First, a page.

Sunday, September 21, 2014
FAIRFIELD-SUISUN, CALIFORNIA
99 CENTS

US, UN announce deal on 72-hour Gaza cease-fire

Mideast Israel Palestinians

Smoke rises after an Israeli strike in Gaza City, northern Gaza Strip, Thursday, July 31, 2014. (AP Photo/Majed Hamdan)

By
From page A1 | August 01, 2014 |

JERUSALEM — Israel and Hamas have agreed to a 72-hour humanitarian cease-fire beginning Friday, during which time there will be negotiations on a more durable truce in the 24-day-old Gaza war, the United States and United Nations announced Thursday.

The announcement comes hours after Israeli Prime Minister Benjamin Netanyahu vowed to destroy Hamas’ tunnel network with or without a cease-fire” as the Palestinian death toll soared past 1,400 — surpassing the number killed in Israel’s last major invasion of Gaza five years ago. There was noo immediate Israeli comment on the announcement.

In a statement released in New Delhi where Secretary of State John Kerry is traveling, the U.S. and U.N. said they had gotten assurances that all parties to the conflict had agreed to an unconditional cease-fire.

“This humanitarian cease-fire will commence at 8 a.m. local time on Friday, Aug. 1, 2014. It will last for a period of 72 hours unless extended. During this time the forces on the ground will remain in place,” the statement said.

“We urge all parties to act with restraint until this humanitarian cease-fire begins, and to fully abide by their commitments during the cease-fire.”

The statement said the cease-fire was critical to give civilians a much-needed reprieve from violence. During this period, civilians in Gaza will receive humanitarian relief and have time to bury the dead, take care of the injured and restock food supplies. The time also will be used to repair water and energy infrastructure.

There was no immediate Israeli comment on the cease-fire annoncement.

Earlier, the Israeli military said it was calling up an additional 16,000 reserve soldiers to pursue its campaign against the Islamic militants.

At least 1,441 Palestinians have been killed, three-quarters of them civilians, since hostilities began on July 8, according to Gaza health officials — surpassing the at least 1,410 Palestinians killed in 2009, according to Palestinian rights groups.

Israel says 56 soldiers, two Israeli civilians and a Thai agricultural worker have died — also far more than the 13 Israeli deaths in the previous campaign.

As the toll grew, U.N. High Commissioner for Human Rights Navi Pillay accused both Israel and Hamas militants of violating the rules of war.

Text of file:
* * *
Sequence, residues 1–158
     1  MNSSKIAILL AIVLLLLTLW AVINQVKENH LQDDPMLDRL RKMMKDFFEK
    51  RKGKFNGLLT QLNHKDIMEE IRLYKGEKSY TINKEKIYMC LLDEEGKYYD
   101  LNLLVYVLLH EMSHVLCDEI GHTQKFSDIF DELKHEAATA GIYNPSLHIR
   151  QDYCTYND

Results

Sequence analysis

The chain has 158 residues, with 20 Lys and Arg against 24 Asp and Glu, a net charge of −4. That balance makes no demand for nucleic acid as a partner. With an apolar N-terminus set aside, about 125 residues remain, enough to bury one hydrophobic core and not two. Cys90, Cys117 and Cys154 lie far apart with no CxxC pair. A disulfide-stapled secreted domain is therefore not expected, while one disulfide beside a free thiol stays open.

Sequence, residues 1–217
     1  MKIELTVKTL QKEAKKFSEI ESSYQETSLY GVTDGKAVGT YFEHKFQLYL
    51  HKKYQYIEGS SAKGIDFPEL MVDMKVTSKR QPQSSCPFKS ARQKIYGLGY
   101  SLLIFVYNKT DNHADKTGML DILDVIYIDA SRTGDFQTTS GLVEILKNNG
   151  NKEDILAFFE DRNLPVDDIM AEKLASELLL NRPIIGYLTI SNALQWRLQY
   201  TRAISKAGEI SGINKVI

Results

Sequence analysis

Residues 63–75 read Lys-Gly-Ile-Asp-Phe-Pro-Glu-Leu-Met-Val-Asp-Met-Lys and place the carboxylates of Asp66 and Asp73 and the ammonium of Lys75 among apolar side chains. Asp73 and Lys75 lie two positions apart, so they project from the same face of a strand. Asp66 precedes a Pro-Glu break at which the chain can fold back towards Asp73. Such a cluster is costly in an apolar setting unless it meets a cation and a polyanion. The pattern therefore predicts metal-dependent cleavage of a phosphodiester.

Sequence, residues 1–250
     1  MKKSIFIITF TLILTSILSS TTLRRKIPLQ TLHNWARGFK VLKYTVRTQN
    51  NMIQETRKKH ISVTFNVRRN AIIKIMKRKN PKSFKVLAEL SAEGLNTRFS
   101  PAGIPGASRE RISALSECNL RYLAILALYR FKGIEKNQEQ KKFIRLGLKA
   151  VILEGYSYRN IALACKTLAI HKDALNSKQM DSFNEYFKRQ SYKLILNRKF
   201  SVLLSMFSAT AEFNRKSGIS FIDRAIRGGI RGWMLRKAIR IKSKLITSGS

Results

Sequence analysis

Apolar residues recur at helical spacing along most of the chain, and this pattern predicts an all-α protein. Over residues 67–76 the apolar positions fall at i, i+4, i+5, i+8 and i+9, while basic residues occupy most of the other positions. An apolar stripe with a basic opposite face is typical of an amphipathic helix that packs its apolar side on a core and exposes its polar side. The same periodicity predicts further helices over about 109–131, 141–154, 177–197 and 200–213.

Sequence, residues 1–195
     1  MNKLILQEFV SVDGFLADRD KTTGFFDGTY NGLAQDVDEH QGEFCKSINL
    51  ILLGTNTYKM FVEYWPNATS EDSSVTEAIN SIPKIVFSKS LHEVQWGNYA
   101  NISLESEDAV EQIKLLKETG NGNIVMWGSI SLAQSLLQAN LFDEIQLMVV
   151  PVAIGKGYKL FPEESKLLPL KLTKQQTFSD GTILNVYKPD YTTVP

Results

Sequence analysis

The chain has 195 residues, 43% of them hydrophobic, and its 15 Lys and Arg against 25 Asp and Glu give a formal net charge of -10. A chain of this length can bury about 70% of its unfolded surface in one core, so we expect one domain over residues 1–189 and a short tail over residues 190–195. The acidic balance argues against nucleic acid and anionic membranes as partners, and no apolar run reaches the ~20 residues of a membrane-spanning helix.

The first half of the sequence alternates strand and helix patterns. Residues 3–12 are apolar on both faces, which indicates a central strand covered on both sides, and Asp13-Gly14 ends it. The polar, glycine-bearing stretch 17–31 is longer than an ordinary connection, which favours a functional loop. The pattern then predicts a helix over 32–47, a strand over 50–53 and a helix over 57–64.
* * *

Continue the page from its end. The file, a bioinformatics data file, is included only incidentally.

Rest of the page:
She said Hamas is violating international humanitarian law by “locating rockets within schools and hospitals, or even launching these rockets from densely populated areas.” But she added that this did not absolve Israel from disregarding the same law.

The Israeli government, she said, has defied international law by attacking civilian areas of Gaza such as schools, hospitals, homes and U.N. facilities. “None of this appears to me to be accidental,” Pillay said. “They appear to be defying — deliberate defiance of — obligations that international law imposes on Israel.”

Pillay also took aim at the U.S., Israel’s main ally, for providing financial support for Israel’s “Iron Dome” anti-rocket defense system. “No such protection has been provided to Gazans against the shelling,” she said.

At the United Nations, Israel’s Ambassador Ron Prosor responded to criticism of his country, saying: “I think the international community should be very vocal in standing with Israel fighting terrorism today because if not, you will see it on your doorstep tomorrow.”

Israel expanded what started as an aerial campaign against Hamas and widened it into a ground offensive on July 17. Since then, Israel says the campaign has concentrated on destroying cross-border tunnels militants constructed to carry out attacks inside Israeli territory and ending rocket attacks on its cities.

Israel says most of the 32 tunnels it uncovered have now been demolished and that getting rid of the remainder will take no more than a few days.

“We have neutralized dozens of terror tunnels and we are committed to complete this mission, with or without a cease-fire,” Netanyahu said Thursday in televised remarks. “Therefore, I will not agree to any offer that does not allow the military to complete this important mission for the security of the people of Israel.”

For Israel, the tunnel network is a strategic threat. It says the tunnels are meant to facilitate mass attacks on civilians and soldiers inside Israel, as well as kidnappings, a tactic that Hamas has used in the past. Palestinian militants trying to sneak into Israel through the tunnels have been found with sedatives and handcuffs, an indication they were planning abductions, the military says.

Several soldiers have been killed in the current round of fighting by Palestinian gunmen who popped out of underground tunnels near Israeli communities along the Gaza border.

Israeli defense officials said the purpose of the latest call-up of 16,000 reserves was to provide relief for troops currently on the Gaza firing line, and amounted to a rotation that left the overall number of mobilized reservists at around 70,000. They spoke on condition of anonymity in line with regulations.